V Grip - How to Hold a Fly Rod

Aside from the thumb on top grip, this is my go-to grip for 90% of my fly fishing. Describing in words how to use this grip is tough, but I’ll try my best. Instead of wrapping your hand around the fly rod as with the previous two ways to hold your fly rod, this one you start by placing the bottom palm of your hand on the top of the fly rod. Then wrap your pinky, ring, and middle fingers around the bottom of the fly rod towards the their tips. Your forefinger will basically slightly rest on the top-side of the fly rod and your thumb with fall into position, wrapping around the side. What you will end up with is the V shape created by your thumb and forefinger lining up and pointing straight down along the fly rod to the butt of the rod. So if you have that V shape directly inline and pointing along the fly rod you’re golden with this grip.

V Grip Top View - How to Hold a Fly Rod

I’ll be the first to admit that it feels weird at first. You almost don’t feel like you’re hold the fly rod very securely at all. Trust me though, this grip works and provides superior control and accuracy when casting and fishing. It will take a bit to get used to and a bit to make sure you are holding the fly rod correctly though. Practice makes perfect. Be sure to check out the video along with this post to give you a better visual as to what I’m describing above.

 

How to Hold a Fly Rod – Forefinger on Top Grip

The Forefinger on Top grip is another useful grip for your fly rod, but also one that requires a lot more practice to become comfortable with. I have never been a huge fan of the Forefinger on Top Grip for holding a fly rod. It’s not that it isn’t a good way to hold a fly rod, but more so that I don’t feel I have control of the rod using this grip. However, it is considered to be one of the best ways to hold a fly rod for increased accuracy.

To use this grip, basically you will wrap your pinky, ring, and middle finger around the bottom of the fly rod, let your thumb extend along the side of the fly rod, and then place your forefinger directly on top of the fly rod pointing down the length of the rod itself. When first starting out, you may feel like you don’t have a lot of power with this grip. I still feel that way. However, it does allow you superb accuracy when casting to finicky fish and need to place your fly in very tight spaces. I do recommend trying this grip out when fishing small streams and where distance is not a huge factor.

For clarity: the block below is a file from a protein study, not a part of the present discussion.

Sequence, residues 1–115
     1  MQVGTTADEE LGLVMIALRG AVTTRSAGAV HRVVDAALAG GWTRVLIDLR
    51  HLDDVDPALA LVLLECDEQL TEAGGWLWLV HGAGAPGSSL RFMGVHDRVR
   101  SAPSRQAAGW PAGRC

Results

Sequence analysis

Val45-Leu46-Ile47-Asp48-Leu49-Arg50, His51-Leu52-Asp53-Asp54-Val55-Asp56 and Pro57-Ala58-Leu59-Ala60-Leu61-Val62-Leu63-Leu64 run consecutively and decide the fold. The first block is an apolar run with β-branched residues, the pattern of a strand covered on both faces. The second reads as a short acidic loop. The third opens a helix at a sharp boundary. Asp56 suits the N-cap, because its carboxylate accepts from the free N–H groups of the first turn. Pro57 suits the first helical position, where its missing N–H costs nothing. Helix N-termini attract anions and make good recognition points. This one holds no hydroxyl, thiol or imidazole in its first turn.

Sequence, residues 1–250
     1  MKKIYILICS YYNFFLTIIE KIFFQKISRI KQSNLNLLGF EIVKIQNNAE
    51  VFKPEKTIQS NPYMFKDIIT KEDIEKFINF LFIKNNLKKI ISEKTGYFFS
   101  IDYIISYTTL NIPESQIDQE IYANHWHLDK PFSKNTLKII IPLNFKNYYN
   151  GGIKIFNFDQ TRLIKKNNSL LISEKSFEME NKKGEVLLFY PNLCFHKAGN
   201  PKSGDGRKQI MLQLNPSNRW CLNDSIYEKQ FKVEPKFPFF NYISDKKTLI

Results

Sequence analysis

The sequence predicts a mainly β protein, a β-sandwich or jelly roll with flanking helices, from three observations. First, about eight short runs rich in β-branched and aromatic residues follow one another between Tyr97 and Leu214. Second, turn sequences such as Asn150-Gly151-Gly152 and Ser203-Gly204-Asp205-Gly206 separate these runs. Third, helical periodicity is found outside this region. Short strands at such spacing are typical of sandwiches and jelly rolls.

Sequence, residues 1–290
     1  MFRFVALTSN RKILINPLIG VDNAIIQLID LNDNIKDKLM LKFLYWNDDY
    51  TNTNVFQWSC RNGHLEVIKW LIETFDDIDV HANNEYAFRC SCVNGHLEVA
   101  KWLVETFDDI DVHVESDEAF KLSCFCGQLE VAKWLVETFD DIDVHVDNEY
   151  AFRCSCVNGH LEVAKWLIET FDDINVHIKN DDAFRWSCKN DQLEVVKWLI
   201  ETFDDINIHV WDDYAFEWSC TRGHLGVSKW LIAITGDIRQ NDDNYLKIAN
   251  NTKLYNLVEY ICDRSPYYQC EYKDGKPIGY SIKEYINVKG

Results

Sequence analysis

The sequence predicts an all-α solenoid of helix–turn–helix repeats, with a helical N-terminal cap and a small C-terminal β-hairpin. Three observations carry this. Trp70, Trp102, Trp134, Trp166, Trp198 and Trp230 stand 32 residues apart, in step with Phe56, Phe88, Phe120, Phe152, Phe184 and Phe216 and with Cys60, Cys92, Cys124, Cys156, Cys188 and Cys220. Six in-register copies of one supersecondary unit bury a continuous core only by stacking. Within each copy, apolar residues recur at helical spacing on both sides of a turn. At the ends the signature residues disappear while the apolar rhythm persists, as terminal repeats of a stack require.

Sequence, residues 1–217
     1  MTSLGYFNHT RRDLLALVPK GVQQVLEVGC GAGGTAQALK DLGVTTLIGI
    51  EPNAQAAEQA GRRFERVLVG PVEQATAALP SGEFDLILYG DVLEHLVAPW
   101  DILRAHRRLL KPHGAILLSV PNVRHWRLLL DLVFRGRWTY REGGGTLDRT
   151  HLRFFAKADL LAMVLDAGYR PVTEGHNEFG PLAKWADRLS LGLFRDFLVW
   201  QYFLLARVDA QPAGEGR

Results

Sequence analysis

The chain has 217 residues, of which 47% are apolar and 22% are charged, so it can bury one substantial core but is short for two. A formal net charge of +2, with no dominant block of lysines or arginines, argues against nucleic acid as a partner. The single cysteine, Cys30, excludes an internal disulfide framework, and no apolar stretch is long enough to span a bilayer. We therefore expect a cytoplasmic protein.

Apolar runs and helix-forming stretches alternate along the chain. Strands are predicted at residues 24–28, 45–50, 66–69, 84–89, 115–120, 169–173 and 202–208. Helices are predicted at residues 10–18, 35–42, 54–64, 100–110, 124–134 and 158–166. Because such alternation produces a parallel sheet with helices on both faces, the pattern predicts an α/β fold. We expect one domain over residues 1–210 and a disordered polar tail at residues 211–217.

How to Hold a Fly Rod – Video Resource

There you have the four main ways to learn how to hold a fly rod. I’ve probably made it abundantly clear which are my favorites, but I highly recommend trying and practicing with each of them. You will gravitate towards your favorite and most likely use that one the majority of the time, but it will pay off in the long run to have a few others up your sleeve when the situations arise. So go out there, practice away, and have some fun on the water.

If you have any questions, please feel free to leave a comment below or drop me a line on the various social networks (Facebook, Twitter, Google+). I’d be happy to help with any questions.

About Clint Losee

Clint Losee is an avid fly angler of 30+ years, web developer, and Utah Landscape & Nature Photographer. You can connect with him on Instagram, Facebook, or Twitter. Curious about some of the gear he uses? Check out the new Amazon store.